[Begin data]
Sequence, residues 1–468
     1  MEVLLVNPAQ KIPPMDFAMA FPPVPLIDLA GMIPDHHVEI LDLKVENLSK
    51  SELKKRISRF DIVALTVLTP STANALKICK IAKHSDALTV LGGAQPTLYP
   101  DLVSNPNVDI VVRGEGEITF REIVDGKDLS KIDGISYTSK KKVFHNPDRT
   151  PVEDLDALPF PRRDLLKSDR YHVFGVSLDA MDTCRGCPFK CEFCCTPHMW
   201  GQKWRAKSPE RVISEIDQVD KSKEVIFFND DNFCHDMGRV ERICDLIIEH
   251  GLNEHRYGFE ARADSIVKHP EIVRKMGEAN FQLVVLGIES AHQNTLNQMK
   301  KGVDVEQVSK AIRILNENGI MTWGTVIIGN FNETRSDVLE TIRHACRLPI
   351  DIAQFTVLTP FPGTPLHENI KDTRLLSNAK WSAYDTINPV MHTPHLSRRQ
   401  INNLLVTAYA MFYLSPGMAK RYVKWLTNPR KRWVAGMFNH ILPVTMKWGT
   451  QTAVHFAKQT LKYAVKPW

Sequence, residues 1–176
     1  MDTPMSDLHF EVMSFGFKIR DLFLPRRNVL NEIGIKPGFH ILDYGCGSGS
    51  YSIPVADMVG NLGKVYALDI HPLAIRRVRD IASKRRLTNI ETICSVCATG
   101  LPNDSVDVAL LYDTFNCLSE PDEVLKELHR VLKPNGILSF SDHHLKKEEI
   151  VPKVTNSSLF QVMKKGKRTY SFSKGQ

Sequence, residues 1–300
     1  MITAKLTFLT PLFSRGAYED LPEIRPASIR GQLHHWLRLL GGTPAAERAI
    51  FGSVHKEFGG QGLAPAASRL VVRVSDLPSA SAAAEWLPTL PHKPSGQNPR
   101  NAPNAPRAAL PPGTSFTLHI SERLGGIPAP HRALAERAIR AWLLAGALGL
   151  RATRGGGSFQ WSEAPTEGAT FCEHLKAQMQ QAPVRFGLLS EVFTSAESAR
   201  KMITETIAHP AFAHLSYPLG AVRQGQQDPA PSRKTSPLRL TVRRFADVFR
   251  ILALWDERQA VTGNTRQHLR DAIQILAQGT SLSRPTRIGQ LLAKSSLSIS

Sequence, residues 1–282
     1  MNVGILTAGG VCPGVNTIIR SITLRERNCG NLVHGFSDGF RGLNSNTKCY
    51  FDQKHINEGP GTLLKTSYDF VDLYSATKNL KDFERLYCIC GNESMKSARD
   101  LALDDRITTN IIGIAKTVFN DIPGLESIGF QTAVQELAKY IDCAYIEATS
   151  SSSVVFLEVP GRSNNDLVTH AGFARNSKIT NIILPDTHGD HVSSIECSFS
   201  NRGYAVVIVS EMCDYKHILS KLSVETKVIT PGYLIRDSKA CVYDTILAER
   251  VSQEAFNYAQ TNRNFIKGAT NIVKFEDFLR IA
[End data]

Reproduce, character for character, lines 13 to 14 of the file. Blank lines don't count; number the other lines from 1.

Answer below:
     1  MDTPMSDLHF EVMSFGFKIR DLFLPRRNVL NEIGIKPGFH ILDYGCGSGS
    51  YSIPVADMVG NLGKVYALDI HPLAIRRVRD IASKRRLTNI ETICSVCATG